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US House and Senate Approve Extension for Patriot Act

February 27, 2010

This week, both the US House of Representative and the Senate voted to extend the Patriot Act for an additional year. The House voted 315 to 97 to extend major provisions of the USA Patriot Act.

The three sections of the Patriot Act that would stay in force are:

  • Authorize court-approved roving wiretaps that permit surveillance on multiple phones.
  • Allow court-approved seizure of records and property in anti-terrorism operations.
  • Permit surveillance against a so-called “lone wolf,” a non-U.S. citizen engaged in terrorism who may not be part of a recognized terrorist group.

The American Civil Liberties Union Responded by saying, “Congress refuses to make reforming the Patriot Act a priority and continues to punt this crucial issue down the road. Once again, we have missed an opportunity to put the proper civil liberties and privacy protections into this bill. Congress should respect the rule of law and should have taken this opportunity to better protect the privacy and freedom of innocent Americans. We shouldn’t have to live under these unconstitutional provisions for another year.”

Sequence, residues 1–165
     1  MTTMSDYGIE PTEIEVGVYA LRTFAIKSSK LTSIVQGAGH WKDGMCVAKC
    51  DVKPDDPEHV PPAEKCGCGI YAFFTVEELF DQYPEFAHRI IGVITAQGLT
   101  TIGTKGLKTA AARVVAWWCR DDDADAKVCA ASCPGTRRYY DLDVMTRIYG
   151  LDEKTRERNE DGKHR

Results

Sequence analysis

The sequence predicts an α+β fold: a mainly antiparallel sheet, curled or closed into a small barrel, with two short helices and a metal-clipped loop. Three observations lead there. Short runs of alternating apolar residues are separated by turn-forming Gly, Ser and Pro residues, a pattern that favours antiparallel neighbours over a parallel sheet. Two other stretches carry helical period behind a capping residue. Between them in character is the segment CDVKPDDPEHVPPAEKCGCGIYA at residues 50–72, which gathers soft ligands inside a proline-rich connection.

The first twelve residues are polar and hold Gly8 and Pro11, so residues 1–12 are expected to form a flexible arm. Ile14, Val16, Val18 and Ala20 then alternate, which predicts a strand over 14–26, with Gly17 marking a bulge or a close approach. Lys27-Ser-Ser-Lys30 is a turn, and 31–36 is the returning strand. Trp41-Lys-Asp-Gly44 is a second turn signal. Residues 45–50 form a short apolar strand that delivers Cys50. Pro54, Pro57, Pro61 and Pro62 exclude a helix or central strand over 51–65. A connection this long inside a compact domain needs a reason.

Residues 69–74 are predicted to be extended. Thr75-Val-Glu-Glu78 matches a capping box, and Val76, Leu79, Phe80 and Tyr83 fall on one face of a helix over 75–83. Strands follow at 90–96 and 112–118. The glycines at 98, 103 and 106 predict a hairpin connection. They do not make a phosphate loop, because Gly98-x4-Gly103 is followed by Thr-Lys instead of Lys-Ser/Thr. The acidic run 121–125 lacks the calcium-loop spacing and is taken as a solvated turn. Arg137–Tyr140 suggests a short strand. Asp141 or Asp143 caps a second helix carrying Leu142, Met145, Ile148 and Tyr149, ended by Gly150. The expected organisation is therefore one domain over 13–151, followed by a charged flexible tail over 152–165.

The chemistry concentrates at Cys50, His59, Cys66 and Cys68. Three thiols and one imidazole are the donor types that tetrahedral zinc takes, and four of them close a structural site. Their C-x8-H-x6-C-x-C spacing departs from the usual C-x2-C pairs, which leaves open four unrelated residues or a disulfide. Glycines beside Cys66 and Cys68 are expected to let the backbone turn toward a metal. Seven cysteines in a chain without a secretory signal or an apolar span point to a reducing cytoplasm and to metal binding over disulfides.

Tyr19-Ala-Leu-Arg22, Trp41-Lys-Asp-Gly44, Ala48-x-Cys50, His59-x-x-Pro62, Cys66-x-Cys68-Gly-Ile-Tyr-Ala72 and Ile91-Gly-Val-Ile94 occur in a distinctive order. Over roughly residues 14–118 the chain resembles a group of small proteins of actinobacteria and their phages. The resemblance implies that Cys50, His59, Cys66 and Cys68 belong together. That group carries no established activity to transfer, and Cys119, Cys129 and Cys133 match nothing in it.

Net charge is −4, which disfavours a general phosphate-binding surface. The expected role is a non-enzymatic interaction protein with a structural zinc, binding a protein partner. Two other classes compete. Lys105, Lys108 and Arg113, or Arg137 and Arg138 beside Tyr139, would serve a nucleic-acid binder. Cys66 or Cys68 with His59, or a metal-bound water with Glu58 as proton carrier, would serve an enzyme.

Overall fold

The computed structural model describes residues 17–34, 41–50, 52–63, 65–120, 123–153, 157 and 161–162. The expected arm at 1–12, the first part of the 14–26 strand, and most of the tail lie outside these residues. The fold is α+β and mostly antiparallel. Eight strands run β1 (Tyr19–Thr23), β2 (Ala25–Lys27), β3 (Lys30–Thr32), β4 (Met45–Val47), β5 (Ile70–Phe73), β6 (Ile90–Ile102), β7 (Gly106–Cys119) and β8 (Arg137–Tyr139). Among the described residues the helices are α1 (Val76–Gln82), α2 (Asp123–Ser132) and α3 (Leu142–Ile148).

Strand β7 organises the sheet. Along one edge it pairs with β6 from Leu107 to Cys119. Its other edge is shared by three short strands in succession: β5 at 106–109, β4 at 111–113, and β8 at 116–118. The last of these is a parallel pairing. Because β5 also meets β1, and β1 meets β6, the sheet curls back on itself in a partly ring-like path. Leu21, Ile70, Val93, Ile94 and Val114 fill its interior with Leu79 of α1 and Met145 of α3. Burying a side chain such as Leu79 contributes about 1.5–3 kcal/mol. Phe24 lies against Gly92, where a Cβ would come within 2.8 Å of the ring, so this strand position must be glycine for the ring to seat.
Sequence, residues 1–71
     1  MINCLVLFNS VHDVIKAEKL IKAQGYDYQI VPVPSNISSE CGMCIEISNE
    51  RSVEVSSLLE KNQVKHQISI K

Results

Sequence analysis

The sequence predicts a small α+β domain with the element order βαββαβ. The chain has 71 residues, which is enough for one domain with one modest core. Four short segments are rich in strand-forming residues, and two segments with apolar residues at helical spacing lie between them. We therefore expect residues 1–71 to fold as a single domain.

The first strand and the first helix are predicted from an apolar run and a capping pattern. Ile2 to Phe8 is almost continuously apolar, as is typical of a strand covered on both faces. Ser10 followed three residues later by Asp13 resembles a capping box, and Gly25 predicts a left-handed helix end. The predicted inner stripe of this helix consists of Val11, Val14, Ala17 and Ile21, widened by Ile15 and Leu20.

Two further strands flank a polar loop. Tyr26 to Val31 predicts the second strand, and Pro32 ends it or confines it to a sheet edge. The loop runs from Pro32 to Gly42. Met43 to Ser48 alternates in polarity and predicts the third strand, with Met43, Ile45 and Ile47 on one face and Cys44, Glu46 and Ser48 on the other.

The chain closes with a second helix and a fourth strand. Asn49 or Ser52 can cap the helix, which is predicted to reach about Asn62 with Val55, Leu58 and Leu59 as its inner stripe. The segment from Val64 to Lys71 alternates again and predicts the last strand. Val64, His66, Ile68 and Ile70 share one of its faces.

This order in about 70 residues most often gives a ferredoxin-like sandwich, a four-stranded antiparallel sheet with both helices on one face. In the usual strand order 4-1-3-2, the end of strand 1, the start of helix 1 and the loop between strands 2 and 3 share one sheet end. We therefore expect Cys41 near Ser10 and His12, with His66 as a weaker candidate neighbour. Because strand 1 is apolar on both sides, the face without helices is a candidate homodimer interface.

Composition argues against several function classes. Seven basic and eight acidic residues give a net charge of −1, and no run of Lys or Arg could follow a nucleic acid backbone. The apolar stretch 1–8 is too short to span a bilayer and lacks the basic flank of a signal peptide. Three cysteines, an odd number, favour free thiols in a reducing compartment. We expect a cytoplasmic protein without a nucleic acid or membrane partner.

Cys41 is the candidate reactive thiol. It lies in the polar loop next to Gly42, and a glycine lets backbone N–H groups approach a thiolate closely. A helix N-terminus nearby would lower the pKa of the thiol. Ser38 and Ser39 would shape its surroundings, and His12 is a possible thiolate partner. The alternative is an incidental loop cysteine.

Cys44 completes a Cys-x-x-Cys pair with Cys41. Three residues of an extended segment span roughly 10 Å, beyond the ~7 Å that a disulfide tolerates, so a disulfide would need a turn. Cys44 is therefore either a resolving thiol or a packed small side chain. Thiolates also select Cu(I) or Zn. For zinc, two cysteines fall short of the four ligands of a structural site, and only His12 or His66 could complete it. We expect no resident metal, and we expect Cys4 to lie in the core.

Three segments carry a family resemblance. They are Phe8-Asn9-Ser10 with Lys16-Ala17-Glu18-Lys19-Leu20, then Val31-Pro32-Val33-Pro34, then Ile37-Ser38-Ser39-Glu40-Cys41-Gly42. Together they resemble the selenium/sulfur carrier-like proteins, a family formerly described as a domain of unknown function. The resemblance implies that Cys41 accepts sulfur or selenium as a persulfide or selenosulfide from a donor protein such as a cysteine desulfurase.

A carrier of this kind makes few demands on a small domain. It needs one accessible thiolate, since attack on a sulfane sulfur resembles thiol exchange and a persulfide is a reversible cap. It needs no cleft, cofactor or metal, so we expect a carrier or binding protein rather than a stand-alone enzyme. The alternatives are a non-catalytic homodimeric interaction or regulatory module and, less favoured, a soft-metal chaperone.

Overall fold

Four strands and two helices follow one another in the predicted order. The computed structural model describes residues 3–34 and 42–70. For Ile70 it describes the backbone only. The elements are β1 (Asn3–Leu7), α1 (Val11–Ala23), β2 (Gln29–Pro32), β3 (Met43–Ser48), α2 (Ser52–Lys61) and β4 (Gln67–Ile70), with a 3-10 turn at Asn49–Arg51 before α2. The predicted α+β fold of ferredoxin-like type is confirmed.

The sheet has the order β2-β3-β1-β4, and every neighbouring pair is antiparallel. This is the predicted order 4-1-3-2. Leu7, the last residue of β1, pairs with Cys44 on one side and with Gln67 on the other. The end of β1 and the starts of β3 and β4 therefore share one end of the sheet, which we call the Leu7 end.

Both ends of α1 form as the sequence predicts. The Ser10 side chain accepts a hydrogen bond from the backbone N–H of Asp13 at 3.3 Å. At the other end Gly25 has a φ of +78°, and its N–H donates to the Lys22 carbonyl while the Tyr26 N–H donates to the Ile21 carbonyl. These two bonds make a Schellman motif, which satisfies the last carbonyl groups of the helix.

In addition, the ACLU acknowledged that, “Since the Patriot Act’s passage in 2001, there have been several consecutive reports (including one released in January) from the Department of Justice Office of the Inspector General that have outlined widespread and blatant abuse of the statute.”

This is just the most recent example of despite both the House and the Senate being a majority of Democrats that progressive action is not taking place in Washington, DC.

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